Summary: Ephesians 2 contrasting our state "before" Jesus and "after" Jesus.
Not By But For – Eph 2:1-10
Steve Simala Grant – Aug. 19, 2001
Intro: before and after pictures
Have you seen the popular advertising tactic of “before” and “after” pictures? They are probably most common for diet products, but I’ve also seen them for hair and make-overs. The “before” picture is almost always the least flattering picture possible – no doubt altered at least a little in photoshop to make it look even worse. And the “after” picture is the exact opposite – the most flattering possible. The goal, of course, is to get you to spend your money on the subtle assumption that you can purchase the improvement that you see comparing the two pictures.
Eph. 2:1-10 uses a similar tactic but to a different end. Paul does paint two pictures for us – one “before” Christ (vss. 1-3) and one “after” (vss. 4-7). He then brings it all together in vss. 8-10 and tells us what the goal of this comparison is. read.
The “before” picture is not very flattering. In fact, it is hard to imagine it being much worse! The first word Paul uses is “dead” – it doesn’t get much worse than that! Apart from Christ, in our pre-conversion state, we are spiritually dead. That is the result of sin – sin kills. It destroys. It annihilates.
The second part of the picture is described as in slavery – though that word doesn’t appear, that is certainly the sense of how we are described in “following the world” (vs. 2), the devil “at work in those who are disobedient” (vs. 2), and in our slavery to our own “cravings” (vs. 3). The picture being painted there is of us subject to the control of these three things, of us enslaved to them.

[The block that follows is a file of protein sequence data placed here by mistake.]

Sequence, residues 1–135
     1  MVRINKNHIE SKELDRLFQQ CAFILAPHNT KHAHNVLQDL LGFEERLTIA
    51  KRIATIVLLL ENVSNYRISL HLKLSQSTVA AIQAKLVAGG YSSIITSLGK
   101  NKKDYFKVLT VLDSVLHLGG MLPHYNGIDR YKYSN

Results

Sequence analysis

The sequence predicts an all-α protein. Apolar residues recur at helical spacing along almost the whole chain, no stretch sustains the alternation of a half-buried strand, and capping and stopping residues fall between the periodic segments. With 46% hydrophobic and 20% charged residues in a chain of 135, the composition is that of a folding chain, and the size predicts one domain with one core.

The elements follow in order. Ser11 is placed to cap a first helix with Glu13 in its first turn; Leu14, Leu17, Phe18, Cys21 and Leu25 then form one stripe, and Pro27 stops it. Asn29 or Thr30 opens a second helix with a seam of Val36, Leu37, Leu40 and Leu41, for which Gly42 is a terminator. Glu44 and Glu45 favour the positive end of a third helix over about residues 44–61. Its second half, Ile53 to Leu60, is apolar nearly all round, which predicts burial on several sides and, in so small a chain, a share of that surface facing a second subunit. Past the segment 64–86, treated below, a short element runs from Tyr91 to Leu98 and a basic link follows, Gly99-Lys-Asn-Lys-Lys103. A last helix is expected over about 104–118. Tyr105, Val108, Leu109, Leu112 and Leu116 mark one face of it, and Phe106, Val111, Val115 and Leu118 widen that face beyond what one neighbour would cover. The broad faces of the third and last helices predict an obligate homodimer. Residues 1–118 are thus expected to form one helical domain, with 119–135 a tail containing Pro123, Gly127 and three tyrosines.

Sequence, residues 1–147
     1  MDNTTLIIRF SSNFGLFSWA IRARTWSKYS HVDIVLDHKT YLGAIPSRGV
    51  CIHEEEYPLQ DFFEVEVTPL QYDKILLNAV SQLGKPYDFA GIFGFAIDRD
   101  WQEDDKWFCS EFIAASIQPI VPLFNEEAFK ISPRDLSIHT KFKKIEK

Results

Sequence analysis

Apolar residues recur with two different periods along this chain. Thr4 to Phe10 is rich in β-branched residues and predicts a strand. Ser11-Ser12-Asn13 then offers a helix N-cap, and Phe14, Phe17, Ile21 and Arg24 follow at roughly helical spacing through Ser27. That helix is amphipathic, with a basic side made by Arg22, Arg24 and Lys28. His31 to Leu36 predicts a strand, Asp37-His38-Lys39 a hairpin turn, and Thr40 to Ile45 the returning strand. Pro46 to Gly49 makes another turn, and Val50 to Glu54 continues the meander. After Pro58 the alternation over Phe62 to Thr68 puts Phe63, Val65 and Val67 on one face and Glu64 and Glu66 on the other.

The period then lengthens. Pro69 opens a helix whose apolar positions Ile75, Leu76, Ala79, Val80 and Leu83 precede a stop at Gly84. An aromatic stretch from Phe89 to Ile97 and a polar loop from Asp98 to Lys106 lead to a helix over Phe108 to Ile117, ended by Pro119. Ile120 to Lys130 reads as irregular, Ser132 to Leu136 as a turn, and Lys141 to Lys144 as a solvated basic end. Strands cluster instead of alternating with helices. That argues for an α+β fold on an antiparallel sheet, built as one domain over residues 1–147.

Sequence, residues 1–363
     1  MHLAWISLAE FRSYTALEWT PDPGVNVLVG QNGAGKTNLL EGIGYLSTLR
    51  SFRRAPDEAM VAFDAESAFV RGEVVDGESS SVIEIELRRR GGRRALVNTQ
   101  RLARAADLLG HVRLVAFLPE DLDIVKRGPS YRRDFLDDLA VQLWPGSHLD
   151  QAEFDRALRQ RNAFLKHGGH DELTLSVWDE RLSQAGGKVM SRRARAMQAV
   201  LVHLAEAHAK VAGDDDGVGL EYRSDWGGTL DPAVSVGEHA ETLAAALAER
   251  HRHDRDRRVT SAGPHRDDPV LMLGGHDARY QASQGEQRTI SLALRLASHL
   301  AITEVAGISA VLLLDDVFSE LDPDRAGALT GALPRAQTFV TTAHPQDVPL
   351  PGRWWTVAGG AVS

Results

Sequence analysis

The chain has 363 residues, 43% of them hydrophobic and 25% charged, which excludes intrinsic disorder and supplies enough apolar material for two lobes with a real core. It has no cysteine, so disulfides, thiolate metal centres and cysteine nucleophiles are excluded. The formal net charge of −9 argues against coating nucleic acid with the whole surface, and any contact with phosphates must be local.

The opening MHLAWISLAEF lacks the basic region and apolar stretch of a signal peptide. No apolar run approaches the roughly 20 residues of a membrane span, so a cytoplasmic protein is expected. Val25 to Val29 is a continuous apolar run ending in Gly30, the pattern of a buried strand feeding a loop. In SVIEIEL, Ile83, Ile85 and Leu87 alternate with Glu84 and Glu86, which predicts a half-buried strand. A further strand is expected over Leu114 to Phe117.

It is worth stopping to notice that Paul includes all three of those in describing our sinful nature.
A. The World.
Our environment, our culture, works against God to keep us in sin. You name the sin, I can probably give you an example of how society glamorizes it and makes it look appealing and normative: lust – look at any billboard. greed – what our economy is built on. self-centeredness – almost every movie/TV show/self-help book has as a theme someone trying to get what they want. I could go on, but you get the picture. I love how JB Phillips paraphrases Rom. 12:2 – the familiar verse that in the NIV says “do not be conformed any longer to the pattern of this world” Phillips says “Do not let the world squeeze you into its mold.”
B. The Devil.
Ephesians talks more about the spiritual realm and the forces there than any other NT book, so it is not surprising that Paul mentions it here. He is described as “read”. We all know that “the devil made me do it” is no excuse – it does not make us any less responsible for our actions. But it is based at least in part on something that is true – the devil is active in our world, and is working to keep us from God.
C. The Flesh.
Vs. 3 lists the third thing to which we are enslaved – our sinful nature. Our “old self”, with its desire for evil and self-destructive tendencies. It seems strange to describe ourselves as slaves to our own desires – our culture defines freedom as basically the ability to do anything we want. The problem is that in our sinful state, the things we want are ultimately self-destructive. Ask anyone who has ever struggled with addiction if they understand what this verse means. True freedom comes when we are no longer subject to fleshly desires that are ultimately self-destructive.
We tend to try to pick one (the world, the devil, the flesh) to blame when we sin, but in fact all three are operating to keep us in sin and death. All three work conspire to keep us from God. We need to confront each one in our battle for holiness – remove ourselves from worldly influences that cause us to sin, stand up against the devil, and rely on God to remove our old flesh and replace it with His Spirit.
Paul sums up the “before” picture with what may be the most uncomfortable descriptor in the passage: “we were by nature objects of wrath”. Ouch! I don’t like that! Our old self, prior to coming to Christ, was by nature the object of God’s wrath. That is a pretty helpless place to be! Wrath is a strong word, it means God’s holy anger against sin and the judgement that results – and that is the word Paul uses to describe God’s response to our sinful state prior to coming to Christ.